The Panama Papers scandal has led German Justice Minister Heiko Maas to pledge the creation of a transparency register. However, the Greens’ finance expert Gerhard Schick told EURACTIV Germany that this is not a new idea and that the issue has been largely ignored despite evidence of wrongdoing.
Dr. Gerhard Schick (Alliance 90/The Greens) is deputy chairman of the Bundestag’s Finance Committee.
There seems to be a lack of surprise at the extent to which shell companies have had a hand in this affair. Even the Ministry of Finance commented that: “This is not entirely surprising”. Does this surprise you?
It is indeed not surprising that there are hundreds of thousands of shell companies and that Panama has been implicated. However, it is amazing that a whistleblower came forward from such a secretive industry and that now we have such detailed records of companies and transactions, which will allow us to gain an understanding of how it all works. It’s going to allow us to understand the division of labour as well.
We also see the same thing: companies say what they are doing is legal, but that illegal transactions are carried out elsewhere. The leaked documents have provided us with politically valuable information that will allow us to establish who was involved and who has to answer for it now.
Heiko Maas has responded by promising to establish a transparency register. But the problem with this is that such a register would only apply to companies based in Germany, so Berlin would have to hope that tax-havens like Panama follow suit. What would be needed for this to happen?
The Justice Minister is a good bluffer. The idea of a transparency register is not a new one, as the EU is actually preparing to launch its own as we speak. The government used to be opposed to the notion of such a register, so it shouldn’t be giving the impression that it has been a supporter of it all along.
It is a good thing that Europe will now have a means by which to stop shell companies. Even in Germany, identifying all the beneficial parties behind companies is not so easy.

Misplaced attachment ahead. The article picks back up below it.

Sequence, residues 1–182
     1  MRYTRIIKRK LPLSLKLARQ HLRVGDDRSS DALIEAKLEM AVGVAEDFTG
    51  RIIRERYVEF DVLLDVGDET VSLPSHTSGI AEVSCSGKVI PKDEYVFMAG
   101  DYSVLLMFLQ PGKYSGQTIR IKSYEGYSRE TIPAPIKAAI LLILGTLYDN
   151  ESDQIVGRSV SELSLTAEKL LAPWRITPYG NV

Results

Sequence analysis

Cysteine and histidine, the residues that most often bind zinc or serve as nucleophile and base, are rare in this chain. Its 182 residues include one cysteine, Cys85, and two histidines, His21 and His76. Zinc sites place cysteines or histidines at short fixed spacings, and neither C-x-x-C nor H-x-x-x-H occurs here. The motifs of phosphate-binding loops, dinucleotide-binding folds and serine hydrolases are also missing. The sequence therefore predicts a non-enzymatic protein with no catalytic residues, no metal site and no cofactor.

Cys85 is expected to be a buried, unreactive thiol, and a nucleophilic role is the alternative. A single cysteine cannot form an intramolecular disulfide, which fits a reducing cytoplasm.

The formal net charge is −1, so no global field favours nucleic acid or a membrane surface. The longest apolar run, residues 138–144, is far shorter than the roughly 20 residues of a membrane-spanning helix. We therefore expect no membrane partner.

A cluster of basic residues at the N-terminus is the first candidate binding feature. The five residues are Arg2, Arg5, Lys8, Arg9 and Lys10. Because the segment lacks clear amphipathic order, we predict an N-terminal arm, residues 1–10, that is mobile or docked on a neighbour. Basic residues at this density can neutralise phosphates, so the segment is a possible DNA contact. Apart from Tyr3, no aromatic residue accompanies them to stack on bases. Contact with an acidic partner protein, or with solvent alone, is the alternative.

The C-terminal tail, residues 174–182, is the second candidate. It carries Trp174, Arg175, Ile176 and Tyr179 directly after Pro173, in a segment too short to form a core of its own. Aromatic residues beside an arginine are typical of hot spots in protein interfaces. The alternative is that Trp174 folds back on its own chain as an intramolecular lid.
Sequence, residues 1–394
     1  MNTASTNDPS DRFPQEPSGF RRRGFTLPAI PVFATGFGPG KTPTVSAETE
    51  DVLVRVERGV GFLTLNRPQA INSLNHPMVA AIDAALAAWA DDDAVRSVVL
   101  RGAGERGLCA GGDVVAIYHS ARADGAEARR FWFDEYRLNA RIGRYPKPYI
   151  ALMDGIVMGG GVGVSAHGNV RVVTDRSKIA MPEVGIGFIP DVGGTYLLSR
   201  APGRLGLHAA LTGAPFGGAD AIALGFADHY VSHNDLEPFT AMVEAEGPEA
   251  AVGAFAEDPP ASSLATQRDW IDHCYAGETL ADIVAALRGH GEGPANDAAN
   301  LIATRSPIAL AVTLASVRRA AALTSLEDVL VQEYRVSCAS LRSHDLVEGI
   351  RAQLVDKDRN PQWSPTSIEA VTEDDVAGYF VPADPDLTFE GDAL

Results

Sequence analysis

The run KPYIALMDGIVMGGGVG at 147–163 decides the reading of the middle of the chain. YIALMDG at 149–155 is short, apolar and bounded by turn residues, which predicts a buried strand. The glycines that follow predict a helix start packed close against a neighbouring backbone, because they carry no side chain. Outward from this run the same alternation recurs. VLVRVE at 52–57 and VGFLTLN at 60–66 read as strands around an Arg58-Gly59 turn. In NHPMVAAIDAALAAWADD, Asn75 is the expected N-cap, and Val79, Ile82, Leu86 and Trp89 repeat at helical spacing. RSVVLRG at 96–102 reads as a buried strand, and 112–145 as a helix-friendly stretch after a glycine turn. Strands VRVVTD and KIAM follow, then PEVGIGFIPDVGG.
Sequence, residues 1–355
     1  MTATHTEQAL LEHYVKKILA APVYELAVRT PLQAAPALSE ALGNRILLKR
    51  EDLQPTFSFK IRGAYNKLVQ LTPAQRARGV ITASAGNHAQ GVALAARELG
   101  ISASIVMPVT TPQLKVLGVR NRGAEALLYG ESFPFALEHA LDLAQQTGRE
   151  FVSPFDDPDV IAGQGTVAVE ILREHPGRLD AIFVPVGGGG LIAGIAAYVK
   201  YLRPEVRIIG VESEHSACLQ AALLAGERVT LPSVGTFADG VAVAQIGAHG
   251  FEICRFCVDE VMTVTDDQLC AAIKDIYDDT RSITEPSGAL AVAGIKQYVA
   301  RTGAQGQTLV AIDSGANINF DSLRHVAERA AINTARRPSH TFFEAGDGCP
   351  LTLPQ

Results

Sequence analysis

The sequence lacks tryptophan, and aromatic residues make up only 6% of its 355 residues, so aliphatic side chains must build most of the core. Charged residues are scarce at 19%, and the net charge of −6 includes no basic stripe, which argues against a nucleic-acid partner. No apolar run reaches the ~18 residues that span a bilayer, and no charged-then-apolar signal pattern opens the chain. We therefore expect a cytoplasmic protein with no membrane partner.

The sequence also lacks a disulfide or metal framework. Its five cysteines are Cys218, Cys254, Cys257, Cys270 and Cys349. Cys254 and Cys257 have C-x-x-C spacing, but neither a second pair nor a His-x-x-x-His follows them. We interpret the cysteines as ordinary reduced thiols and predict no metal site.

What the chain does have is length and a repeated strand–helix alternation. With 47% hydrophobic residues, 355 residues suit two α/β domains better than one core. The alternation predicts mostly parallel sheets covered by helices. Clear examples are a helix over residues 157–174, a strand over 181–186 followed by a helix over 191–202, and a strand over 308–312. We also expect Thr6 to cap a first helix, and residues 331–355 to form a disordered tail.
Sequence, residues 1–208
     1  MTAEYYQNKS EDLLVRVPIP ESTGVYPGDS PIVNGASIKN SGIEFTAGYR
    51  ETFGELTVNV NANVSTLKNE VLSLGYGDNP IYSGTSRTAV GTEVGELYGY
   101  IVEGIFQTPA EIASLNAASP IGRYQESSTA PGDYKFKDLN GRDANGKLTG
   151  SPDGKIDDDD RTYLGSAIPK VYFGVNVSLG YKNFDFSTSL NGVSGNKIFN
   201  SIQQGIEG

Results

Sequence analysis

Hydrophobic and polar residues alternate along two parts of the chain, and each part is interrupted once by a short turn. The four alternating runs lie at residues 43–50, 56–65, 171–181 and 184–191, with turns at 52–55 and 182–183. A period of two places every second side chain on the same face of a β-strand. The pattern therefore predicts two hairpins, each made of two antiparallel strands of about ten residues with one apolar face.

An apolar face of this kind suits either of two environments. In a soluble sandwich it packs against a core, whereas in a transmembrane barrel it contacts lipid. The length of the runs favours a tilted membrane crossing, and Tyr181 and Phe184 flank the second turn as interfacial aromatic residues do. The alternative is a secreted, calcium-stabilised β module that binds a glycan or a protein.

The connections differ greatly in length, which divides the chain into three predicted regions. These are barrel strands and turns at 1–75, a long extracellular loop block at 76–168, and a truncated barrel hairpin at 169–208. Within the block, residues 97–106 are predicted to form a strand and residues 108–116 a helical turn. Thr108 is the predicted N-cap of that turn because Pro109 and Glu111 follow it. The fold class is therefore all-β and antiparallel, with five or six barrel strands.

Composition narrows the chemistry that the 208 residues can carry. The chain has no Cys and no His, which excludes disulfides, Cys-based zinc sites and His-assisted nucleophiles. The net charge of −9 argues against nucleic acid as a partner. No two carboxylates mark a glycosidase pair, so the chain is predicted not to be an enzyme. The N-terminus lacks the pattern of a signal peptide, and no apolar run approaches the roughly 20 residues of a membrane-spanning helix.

What measures does the EU have to take to crack down on tax-havens?
It needs more beyond just the transparency register, because it alone won’t have an effect on shell companies in countries such as Panama. Therefore, a reference point has to be set in Germany and elsewhere in Europe: the banks. That is why we propose that banks that make monetary transactions with companies whose owners are unknown or unclear, be hit with penalties. Again, the government has not wanted to do this for some time.
How would this work?
The US already has agreements in place that punish banks that do not comply with transparency rules. If both economies would exert pressure and make it clear that business will only be done with companies that are transparent, then this would have a significant impact globally.
In 2014, a large-scale international project was launched between 50 countries in Berlin, in which the automatic exchange of information about foreign bank customers would occur between tax authorities. But it will not come into force until next year…
This information exchange doesn’t, in reality, help combat shell companies, because it simply wouldn’t affect them. The problem of a shell or letterbox company is that its owner’s identity is often difficult to establish. So long as illegal transactions carried out by such companies go unchecked, data exchanges of this nature will count for nothing. The offshore leaks also showed that tax evasion on international investments is also going on, so we have to improve cooperation on international financial supervision.
But Germany has still not acted…
What Finance Minister Wolfgang Schäuble has done has only come about because of international pressure and he is yet to develop an anti-money-laundering strategy for Germany. It’s significant that German financial supervision has only kicked in since the Panama Papers were leaked and the German banking system has come under scrutiny: far too late. A financial authority that has no clue what involvement banks have in money-laundering, is not fit for purpose.
Schäuble must tell the financial supervisors not to go easy on the banks and they must establish who is involved in illegal transactions and take the necessary steps to put a stop to them. We know that the federal government has long had evidence of shell companies. But up until now, Schäuble has paid little attention to the issue.
Astonishingly, the German Tax Union (DSTG) estimated that tax fraud costs the country €50 billion in revenues every year.
With money laundering, it’s different. If international shell companies have it easy here, then laundered money is going to flow this way, which will eventually fund and support the drugs trade and other illegal activity.